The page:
While most gamers are familiar with water-cooled solutions that attach to the top of the CPU to help dissipate heat and improve processor performance, Origin PC’s Cryo Core, introduced late last year, takes this to the next level.
Rather than just focus on the CPU, Cryo Core is a $322 acrylic block that delivers cooled water to thermally regulate your entire motherboard, and it’s designed to be paired with other CPU and GPU liquid cooling solutions, like Corsair’s Hydro X radiator. The Cryo Core is designed for Origin PC’s Genesis and Millennium desktops.
Form meets function
Traditionally, the backside of a motherboard is uninteresting, hiding the bundles of wires that run beneath it. This is why more affordable desktops, like HP’s Omen Obelisk and Dell’s G5 desktop, often come with just a single glass panel on one side and a metal panel on the other to hide the mess of wires running behind.
With Cryo Core, Origin PC gives dual tempered glass side windows a purpose by cleaning up the rear of the motherboard and adding visual interest to help gamers show off their expensive wares. And boy, is it beautiful.
Coupled with built-in RGB lighting, Cryo Core not only serves a functional purpose in keeping your PC running cool, but also looks stunning in a dimmeddown gaming den. When lit up, Origin’s laser-etched stylized logo really shines and will definitely give you bragging rights. The effect is not unlike the liquid cool acrylic blocks that Digital Storm used on the GPUs on its premium Aventum X desktop. As on our fully configured Genesis super tower, you can pair Cryo Core with a liquid-cooled CPU radiator to add visual interest to both sides of the tower.
Lacking an identical configuration of a Genesis without Cryo Core, it’s hard to evaluate the effects that this accessory has on regulating CPU temperature while playing intensive games like Battlefield V or running CPU-intensive workflows. When I reached out to Origin to inquire about the effects of Cryo Core on system performance, the representative inferred that customers may opt for the upgrade more for its design than its touted performance.
“Unfortunately I would not have any specific data I could provide, as it would depend on multiple factors,” an Origin representative wrote, noting that overall system specs and programs being used will contribute to differing performance. “Cryo Core does add additional cooling to the system, although many folks tend to go with it for the aesthetics.”
In my test of the Genesis with Cryo Core, I didn’t encounter any issues whatsoever with performance, but the review configuration we received was one of the best available with a top of the line processor and dual graphics. Even without Cryo Core, we’ve found similar configurations in the past from Origin and rivals Digital Storm and Falcon Northwest to be pretty much unstoppable, so it’s unclear how much extra real-world performance can be gained here.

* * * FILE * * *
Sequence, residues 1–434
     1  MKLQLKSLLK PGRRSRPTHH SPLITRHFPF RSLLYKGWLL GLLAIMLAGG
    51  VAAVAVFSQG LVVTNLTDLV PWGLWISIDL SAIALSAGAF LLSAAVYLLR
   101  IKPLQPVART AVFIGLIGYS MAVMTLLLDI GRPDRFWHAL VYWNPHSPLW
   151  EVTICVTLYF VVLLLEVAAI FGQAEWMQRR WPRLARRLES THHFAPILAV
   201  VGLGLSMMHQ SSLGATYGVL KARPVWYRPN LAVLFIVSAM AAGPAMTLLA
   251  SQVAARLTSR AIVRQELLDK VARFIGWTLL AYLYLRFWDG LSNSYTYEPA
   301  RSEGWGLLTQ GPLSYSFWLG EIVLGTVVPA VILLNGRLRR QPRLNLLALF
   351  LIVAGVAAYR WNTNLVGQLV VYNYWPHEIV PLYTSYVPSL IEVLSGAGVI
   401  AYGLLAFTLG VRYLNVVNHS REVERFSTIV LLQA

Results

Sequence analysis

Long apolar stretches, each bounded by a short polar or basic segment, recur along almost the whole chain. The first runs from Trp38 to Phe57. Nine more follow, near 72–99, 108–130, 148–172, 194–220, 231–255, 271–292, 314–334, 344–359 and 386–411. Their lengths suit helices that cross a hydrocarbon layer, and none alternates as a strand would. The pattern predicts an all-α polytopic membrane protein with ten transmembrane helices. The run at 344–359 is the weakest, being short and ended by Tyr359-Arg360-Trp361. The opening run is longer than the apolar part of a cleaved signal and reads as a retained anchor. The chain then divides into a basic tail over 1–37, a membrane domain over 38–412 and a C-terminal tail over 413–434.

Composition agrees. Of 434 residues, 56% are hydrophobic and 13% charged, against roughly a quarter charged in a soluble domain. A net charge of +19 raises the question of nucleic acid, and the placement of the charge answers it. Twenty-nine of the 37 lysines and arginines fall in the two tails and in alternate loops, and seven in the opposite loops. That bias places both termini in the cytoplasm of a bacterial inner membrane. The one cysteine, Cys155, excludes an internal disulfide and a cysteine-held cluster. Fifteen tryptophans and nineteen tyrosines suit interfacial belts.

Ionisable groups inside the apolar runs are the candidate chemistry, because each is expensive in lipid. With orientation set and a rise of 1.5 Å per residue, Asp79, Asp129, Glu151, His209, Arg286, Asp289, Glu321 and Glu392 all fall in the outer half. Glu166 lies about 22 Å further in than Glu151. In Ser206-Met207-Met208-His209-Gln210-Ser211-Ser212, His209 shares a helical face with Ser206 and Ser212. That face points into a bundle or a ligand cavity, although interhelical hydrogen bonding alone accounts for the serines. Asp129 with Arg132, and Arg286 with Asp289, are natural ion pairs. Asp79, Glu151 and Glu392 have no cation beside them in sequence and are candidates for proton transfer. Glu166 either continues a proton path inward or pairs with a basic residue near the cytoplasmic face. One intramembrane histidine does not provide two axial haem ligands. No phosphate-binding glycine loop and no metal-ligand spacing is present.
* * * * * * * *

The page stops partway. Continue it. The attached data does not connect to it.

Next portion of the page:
To get Cryo Core on your Genesis build, you need to upgrade from Origin’s standard RGB Frostbyte 240 liquid cooling CPU solution to Corsair’s Hyrdo X cooling, which commands an additional $422 premium. More advanced solutions of the Hydro X go for more, so you can spend as much as $834 extra – for a combined total of $1,156 – just to make your PC visually appealing on both sides.
Upgrading the memory, storage, RAM, CPU, fans, power supply, drive bays, and GPU configurations will quickly add to the price of the system, which starts at a more palatable $2,031. Fully loaded, you’re looking at a price tag of just under $15,000. Even without a liquid-cooled motherboard, no matter what you throw at a system this premium, it’d be hard to throttle the Genesis, so the $1,156 premium for liquid cooling may be superfluous. And chances are, most enthusiast gamers would have invested in a capable CPU – from AMD’s or Intel’s lineup – and GPU that the Cryo Core would be a nice, but unnecessary upgrade.
While I wasn’t able to measure and compare CPU temperatures on the system, I did perform a series of synthetic benchmarks using tools like PCMark and 3DMark from Underwriters Laboratories, Maxon’s Cinebench, and SPECwpc. Compared to similarly configured systems from other manufacturers that we had reviewed in the past, the Genesis’ performance was within 11% of its rivals, beating out its competitors in a number of tests but trailing closely in a few others. That suggests that the marginal gains here may not be the most affordable means to get a performance boost.
Is it worth it?
If raw performance gains is all you’re looking for, the premium for Cryo Core may not be worth the $1K premium. That’s especially true at the high end of the configuration since the price you’re paying is roughly equivalent to 8% the cost of a maxed out Genesis.
But then again, few luxuries are hard to quantify. If you’re buying a custom PC from Origin, you’re likely interested in turning your rig into a trophy case of the best available technology. Cryo Core takes that to another level.
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